Figure 2: Farmer suicides in India, 1997-2006
India’s Cotton Seed Regulations
The farmer suicide epidemic has resulted in the Indian government regulating prices for Bt. cotton seeds. The aim is to help decrease the financial burden of India’s cotton farmers and break MMB’s monopoly on the GM seed market.
On December 7, 2015, the Ministry of Agriculture and Farmers Welfare (“Ministry”) issued a price control order, entitled the “Cotton Seed Price (Control) Order, 2015”, to bring uniformity in GM Bt. cotton seed prices across the states in India where previously none existed. This Order was created under the section 3 of the Essential Commodities Act, 1955.
On March 8, 2016, the Ministry issued a Notification, under the Cotton Seed Price (Control) Order, 2015 which capped GM cotton seed prices at Rs. 800 (11.90 USD) for a packet of 450 g of seeds for the financial year 2016-2017. It also reduced the royalty fees (referred to as “trait value” in the Notification) to Rs. 49 (0.73 USD) per 450 g of seeds.
|Components||Bollgard I version of Bt. cotton hybrid||
Bollgard II version of Bt. cotton hybrid
|Seed value (in rupees)||635||751|
|Trait value including taxes (in rupees)||
|3||Max. Sale price (in rupees)||635||
Before the Notification, Bt. cotton seeds were sold at prices ranging from Rs. 830-1000 (12.30-14.80 USD). The royalty fee received by companies such as MMB was cut by 74% (excluding taxes) from the previous royalty fee of Rs. 163 to Rs. 43. The Ministry said that this Notification was prompted because Bt. Cotton’s ability to resist bollworm pest attacks had weakened.
On May 18, 2016, another Notification, entitled Licensing and Formats for GM Technology Agreement Guidelines, was issued under the Cotton Seed Price (Control) Order, 2015. This Notification provided tighter restrictions on GM technology providers, such as MMB. The main restrictions are:
- GM technology providers cannot deny a license to any qualifying domestic seed company wanting to incorporate the approved GM technology into its own hybrids and varieties.
- GM technology providers must award license for the GM technology within 30 days of receipt of a request from an eligible seed company. In the event this obligation is not met, the licensee (domestic seed company) is deemed to have obtained the license.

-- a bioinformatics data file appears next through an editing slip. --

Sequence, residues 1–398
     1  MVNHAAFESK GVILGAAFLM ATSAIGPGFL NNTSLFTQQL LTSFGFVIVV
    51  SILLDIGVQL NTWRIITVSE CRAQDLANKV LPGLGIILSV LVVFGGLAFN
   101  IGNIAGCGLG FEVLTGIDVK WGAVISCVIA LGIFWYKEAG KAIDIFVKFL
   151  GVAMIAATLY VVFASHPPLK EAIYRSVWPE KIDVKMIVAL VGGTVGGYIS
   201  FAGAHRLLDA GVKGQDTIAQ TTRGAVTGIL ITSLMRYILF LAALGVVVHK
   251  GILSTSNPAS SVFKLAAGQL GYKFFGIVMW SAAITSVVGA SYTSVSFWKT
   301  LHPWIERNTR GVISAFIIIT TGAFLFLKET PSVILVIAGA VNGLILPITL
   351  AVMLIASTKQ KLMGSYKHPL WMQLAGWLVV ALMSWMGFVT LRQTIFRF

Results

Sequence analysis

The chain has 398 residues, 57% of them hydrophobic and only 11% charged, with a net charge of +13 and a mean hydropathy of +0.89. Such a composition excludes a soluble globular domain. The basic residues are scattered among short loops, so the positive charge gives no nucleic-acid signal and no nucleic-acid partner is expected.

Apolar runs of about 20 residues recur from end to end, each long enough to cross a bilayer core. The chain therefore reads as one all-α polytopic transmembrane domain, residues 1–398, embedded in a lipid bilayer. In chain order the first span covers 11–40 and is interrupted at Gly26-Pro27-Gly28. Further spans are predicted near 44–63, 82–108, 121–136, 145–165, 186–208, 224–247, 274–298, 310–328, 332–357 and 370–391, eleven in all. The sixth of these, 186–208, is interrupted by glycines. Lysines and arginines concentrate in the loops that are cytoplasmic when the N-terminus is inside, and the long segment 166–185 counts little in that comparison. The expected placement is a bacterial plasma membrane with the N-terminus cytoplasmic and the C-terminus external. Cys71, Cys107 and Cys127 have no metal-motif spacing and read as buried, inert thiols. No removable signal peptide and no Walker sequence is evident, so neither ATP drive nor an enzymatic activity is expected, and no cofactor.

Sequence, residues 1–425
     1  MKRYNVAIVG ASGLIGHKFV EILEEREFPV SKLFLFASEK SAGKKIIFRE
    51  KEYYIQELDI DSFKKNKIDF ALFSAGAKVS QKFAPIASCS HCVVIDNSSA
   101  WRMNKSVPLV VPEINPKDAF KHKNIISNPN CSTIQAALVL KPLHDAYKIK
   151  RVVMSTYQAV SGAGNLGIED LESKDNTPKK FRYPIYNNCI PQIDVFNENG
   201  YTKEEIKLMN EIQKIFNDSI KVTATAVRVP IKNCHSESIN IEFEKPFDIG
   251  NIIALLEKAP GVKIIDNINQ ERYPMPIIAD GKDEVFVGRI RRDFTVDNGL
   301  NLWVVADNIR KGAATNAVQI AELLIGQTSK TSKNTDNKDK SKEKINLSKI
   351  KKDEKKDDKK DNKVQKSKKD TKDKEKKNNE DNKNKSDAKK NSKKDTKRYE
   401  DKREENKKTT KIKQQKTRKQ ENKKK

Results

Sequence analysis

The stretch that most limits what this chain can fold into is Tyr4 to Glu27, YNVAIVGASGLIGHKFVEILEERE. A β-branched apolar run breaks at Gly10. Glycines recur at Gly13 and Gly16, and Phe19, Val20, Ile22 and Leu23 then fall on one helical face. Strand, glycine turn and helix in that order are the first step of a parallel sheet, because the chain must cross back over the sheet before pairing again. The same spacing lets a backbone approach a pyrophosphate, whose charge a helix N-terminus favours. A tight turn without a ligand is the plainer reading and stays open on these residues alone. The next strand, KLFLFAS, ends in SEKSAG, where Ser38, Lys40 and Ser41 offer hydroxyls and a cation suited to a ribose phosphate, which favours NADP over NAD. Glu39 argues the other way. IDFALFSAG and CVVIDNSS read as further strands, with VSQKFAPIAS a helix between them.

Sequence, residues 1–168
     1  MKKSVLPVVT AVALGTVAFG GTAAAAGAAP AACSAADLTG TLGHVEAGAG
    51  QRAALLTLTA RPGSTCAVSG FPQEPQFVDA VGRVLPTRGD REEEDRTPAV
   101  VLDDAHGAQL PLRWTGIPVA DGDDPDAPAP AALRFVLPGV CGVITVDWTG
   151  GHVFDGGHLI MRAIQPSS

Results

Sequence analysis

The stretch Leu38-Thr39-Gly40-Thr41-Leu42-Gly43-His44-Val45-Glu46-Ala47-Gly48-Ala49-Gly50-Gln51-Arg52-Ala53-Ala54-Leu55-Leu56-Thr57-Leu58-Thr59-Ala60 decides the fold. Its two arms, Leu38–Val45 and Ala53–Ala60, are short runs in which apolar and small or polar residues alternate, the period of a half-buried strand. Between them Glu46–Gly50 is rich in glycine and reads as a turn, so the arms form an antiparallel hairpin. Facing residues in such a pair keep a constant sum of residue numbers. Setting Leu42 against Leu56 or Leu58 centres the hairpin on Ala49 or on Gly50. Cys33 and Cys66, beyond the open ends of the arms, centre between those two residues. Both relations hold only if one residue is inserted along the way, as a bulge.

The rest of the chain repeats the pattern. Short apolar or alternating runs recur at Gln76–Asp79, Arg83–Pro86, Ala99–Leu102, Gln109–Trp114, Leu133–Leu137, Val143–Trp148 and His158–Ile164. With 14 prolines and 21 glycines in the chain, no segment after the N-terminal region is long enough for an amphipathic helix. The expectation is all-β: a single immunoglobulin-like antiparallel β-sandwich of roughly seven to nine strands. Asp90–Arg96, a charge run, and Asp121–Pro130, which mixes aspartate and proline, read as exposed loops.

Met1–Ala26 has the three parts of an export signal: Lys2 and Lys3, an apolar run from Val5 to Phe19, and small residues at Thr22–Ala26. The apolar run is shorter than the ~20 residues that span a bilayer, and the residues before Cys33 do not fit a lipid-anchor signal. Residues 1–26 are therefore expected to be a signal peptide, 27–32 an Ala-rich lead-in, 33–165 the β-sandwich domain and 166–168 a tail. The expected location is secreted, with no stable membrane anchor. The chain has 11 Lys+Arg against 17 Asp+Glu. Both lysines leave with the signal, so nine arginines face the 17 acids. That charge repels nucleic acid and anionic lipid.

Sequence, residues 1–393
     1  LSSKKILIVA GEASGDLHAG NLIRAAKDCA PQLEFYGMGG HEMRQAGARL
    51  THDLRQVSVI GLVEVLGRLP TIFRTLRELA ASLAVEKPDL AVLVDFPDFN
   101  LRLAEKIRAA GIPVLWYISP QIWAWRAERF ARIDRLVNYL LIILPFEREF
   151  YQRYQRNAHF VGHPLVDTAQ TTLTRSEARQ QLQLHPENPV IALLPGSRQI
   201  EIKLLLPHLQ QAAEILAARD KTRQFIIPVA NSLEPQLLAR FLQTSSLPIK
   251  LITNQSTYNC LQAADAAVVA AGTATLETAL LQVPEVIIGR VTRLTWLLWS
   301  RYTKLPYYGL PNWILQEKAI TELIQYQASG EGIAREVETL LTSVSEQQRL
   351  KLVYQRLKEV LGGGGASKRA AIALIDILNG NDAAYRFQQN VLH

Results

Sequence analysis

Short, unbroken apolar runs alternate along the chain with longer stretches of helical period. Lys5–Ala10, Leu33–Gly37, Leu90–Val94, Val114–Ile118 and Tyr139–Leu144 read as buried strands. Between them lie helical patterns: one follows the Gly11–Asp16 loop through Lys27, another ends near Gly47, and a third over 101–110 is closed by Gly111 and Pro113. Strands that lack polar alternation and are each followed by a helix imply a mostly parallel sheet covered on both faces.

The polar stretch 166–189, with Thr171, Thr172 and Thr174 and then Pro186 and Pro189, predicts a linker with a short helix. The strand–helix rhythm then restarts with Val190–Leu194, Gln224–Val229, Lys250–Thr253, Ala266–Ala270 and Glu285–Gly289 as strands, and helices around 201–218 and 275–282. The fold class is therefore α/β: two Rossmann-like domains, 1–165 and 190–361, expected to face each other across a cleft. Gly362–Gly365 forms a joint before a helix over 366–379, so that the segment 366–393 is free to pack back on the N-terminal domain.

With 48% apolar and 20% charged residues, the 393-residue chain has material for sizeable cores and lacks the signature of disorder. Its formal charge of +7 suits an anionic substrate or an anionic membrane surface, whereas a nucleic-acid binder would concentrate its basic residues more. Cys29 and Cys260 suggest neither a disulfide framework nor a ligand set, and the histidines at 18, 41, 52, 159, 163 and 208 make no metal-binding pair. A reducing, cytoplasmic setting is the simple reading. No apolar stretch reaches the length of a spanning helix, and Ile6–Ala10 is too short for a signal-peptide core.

- GM technology providers cannot charge royalty fees exceeding 10% of the maximum sale price, which is fixed at Rs. 800, for the first five years from the date of commercialization of the technology. After first five year period, the royalty fees are reduced by 10% of initial value every year.
- If GM technology loses its efficacy, the GM technology provider is not eligible for any royalty fees.
Critiques of the Regulations
The Indian biotechnology industry opposed the regulations on GM technology providers. The Association of Biotechnology Led Enterprises-Agriculture Focus Group, a pro-GM advocacy group (which represents crop research companies such as Monsanto, Mahyco, Syngenta, DuPont, Pioneer, Bayer BioScience, BASF, Advanta) stated the decision would discourage companies from investing in research. Critics from the agriculture industry have called the new regulations arbitrary and innovation stifling. Opponents have criticized the regulations saying that they do not offer methodology on how the Indian government arrived at the final royalty fees, GM technology providers have little to no say on whom to give licenses, and that the aim of these regulations is to benefit one stakeholder: the domestic seed companies.
Monsanto representatives voiced that it would be difficult to justify bringing new technologies into India given the new regulations. The company also threatened to shut down its business in India.
Rescindment of the May 18, 2016 Notification
On May 24, 2016, the Central Government rescinded the notification of May 18, 2016 based on the advice of the Controller and after consulting with the Committee under the Chairmanship of Joint Secretary (Seed) and Controller, Department of Agriculture, Cooperation and Farmers Welfare which was involved in developing regulations.
After the rescindment, the Indian government laid out the May 18, 2016 Notification for 90 days for comments and suggestions by the public before taking a final call. The decision to seek input by the public was taken at the highest level of the Indian government because had the May 18, 2016 Notification been final, the move may have hurt foreign investment in agriculture research and discouraged the introduction of new technology in India.
This post was written by Lisa L. Mueller and Himani Nadgauda of Michael Best.